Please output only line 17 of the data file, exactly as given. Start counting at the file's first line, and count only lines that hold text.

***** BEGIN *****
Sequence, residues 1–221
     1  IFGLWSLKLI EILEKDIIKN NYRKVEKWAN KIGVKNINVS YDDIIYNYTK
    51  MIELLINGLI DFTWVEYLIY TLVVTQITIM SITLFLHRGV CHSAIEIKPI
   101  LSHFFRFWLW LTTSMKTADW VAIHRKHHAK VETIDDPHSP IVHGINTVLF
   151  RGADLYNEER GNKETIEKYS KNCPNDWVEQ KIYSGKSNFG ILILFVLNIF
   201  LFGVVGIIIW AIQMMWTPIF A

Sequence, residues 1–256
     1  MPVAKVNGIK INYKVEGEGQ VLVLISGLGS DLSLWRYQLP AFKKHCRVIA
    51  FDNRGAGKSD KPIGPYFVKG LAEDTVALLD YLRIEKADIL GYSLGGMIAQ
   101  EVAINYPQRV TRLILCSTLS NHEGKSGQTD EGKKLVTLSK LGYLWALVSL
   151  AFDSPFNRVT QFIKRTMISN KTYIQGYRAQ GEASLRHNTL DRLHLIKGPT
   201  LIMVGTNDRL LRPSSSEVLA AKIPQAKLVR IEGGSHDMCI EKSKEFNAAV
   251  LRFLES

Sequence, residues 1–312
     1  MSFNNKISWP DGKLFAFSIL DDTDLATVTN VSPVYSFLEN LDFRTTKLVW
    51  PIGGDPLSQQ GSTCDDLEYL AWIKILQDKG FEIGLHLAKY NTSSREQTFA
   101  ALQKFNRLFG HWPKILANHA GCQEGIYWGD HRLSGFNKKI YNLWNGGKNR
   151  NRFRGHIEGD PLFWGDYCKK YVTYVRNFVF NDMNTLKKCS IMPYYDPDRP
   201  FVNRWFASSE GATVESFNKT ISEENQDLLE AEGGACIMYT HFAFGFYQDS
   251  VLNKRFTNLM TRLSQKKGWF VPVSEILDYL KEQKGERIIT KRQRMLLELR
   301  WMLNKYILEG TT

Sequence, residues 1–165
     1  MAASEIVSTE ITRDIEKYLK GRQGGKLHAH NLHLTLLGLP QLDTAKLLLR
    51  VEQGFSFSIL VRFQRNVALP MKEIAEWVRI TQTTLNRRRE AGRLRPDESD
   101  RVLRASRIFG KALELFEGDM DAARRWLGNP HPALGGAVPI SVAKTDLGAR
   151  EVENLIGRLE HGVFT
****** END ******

   101  ALQKFNRLFG HWPKILANHA GCQEGIYWGD HRLSGFNKKI YNLWNGGKNR